Over the last few years, we’ve seen how direct-to-consumer brands that started online have launched brick-and-mortar stores. Everlane recently opened stores in New York and San Francisco, luggage brand Away now has five stores around the country, and home brand Parachute has been opening cozy locations in big cities.
But four-year-old Casper appears to have the most ambitious brick-and-mortar strategy of them all. According to a report in the Wall Street Journal, it plans to open 200 stores, including 18 existing pop-ups, which it says it will convert into permanent stores. This is a massive retail expansion, considering that Casper is already selling products through existing retailers like Target, Nordstrom, and Amazon.
It’s an odd move for Casper, which is seen as a digital pioneer. The brand, which has a whopping $239.7 million in funding, helped normalize the idea of buying a mattress online and receiving it in a big box at your doorstep, totally bypassing the need to go to a store. Mattress shopping, the brand argued, was a major pain point for consumers. Until now, Casper has played with several retail concepts, including The Dreamery, where customers can pay $25 to have a 45-minute nap in a Casper bed.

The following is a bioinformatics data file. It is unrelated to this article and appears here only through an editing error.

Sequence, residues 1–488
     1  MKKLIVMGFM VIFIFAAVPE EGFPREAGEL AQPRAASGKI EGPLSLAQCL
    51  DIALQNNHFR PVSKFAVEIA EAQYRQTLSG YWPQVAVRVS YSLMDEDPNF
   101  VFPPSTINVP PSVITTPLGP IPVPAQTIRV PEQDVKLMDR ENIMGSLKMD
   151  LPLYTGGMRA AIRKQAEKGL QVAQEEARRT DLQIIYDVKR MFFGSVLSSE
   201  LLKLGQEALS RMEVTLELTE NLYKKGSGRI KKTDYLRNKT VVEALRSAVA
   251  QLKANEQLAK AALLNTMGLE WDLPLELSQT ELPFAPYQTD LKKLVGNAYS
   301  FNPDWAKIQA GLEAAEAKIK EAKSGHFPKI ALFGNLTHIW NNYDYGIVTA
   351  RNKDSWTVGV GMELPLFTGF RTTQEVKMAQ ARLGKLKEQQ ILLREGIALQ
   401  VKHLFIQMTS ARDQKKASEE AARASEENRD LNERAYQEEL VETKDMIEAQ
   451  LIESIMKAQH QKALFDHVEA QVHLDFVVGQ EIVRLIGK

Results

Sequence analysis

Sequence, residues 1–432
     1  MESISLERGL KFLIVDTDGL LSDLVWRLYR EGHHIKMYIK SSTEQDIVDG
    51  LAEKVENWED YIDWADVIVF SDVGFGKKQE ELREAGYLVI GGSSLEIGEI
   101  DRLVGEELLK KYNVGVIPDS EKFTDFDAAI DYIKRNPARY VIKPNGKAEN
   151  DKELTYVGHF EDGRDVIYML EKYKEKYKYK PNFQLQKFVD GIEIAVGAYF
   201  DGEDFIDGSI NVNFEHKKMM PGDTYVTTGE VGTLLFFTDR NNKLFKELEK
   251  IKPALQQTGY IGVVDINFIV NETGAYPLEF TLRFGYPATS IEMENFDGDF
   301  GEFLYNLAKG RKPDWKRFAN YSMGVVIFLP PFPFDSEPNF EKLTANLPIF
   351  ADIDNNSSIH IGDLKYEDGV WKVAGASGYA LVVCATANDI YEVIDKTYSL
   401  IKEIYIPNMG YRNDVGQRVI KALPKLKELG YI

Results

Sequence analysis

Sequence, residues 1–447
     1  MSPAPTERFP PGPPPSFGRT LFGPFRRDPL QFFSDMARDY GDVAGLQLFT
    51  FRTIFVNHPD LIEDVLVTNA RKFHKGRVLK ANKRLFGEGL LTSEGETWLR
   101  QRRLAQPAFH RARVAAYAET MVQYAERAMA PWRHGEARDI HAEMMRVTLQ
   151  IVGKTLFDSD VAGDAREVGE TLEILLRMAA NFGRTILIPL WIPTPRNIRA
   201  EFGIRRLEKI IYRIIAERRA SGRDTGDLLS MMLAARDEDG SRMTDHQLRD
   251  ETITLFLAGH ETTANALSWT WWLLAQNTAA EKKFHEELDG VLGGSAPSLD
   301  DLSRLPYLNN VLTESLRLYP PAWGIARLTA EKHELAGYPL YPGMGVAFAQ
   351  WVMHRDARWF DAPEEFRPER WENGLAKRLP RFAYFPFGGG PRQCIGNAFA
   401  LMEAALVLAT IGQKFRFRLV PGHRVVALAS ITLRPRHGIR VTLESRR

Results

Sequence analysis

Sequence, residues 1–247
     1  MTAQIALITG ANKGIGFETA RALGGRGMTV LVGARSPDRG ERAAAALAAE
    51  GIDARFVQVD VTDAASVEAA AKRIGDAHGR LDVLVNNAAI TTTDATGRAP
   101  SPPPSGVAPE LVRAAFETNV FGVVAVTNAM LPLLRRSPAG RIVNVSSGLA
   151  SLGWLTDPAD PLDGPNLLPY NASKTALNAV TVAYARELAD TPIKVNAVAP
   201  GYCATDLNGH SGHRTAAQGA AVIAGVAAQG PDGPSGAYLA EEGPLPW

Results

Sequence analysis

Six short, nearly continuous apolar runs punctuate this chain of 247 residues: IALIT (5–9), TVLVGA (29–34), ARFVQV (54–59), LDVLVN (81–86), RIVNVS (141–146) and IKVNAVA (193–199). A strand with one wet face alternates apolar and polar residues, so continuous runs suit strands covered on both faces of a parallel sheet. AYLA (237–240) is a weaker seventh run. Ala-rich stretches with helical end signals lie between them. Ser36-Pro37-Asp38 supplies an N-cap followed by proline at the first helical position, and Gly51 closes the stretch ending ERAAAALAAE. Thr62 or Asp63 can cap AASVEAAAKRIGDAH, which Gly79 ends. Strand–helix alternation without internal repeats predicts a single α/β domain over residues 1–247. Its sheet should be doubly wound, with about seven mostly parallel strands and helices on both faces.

Casper makes the case that this aggressive move into physical retail will help it stand apart from the many other mattress brands that have sprung up online, including Saatva and Purple. But expanding this extensively into brick-and-mortar also carries risk. Incumbent mattress company Mattress Firm, which has a network of 3,400 stores, has had to shutter many of its locations, and Reuters reports that it is currently exploring bankruptcy.
Ultimately, it is hard to be nimble when you have massive real estate investments and long leases. If customer shopping habits change, Casper won’t be able to easily tweak its game plan.